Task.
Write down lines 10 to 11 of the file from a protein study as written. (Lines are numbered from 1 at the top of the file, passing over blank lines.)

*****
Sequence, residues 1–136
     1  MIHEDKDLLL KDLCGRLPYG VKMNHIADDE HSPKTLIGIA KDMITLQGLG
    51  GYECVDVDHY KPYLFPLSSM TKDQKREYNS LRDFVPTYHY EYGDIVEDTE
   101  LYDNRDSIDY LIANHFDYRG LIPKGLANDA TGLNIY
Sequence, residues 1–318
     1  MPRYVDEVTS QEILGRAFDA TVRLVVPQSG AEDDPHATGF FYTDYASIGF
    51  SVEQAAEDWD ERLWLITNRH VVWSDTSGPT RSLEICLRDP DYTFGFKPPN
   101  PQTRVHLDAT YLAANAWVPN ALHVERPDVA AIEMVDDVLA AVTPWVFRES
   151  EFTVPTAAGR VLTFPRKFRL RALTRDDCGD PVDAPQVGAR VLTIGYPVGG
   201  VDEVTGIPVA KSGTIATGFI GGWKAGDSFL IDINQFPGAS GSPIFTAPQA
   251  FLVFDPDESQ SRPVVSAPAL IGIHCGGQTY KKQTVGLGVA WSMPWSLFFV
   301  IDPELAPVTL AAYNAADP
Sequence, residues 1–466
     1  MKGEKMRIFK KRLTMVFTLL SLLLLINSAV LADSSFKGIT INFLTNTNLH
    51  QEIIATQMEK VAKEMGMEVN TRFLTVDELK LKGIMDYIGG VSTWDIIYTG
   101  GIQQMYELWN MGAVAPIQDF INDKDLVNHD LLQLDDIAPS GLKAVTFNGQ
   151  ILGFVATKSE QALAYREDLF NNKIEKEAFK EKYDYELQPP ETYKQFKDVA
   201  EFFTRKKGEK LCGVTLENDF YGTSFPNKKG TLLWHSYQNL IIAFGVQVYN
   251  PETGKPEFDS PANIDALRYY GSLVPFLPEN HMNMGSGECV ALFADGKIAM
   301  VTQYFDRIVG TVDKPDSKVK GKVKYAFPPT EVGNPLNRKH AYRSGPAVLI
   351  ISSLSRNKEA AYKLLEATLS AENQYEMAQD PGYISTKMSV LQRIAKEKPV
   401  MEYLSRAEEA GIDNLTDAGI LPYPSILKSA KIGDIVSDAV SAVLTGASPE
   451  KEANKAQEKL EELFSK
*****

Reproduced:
   201  VDEVTGIPVA KSGTIATGFI GGWKAGDSFL IDINQFPGAS GSPIFTAPQA
   251  FLVFDPDESQ SRPVVSAPAL IGIHCGGQTY KKQTVGLGVA WSMPWSLFFV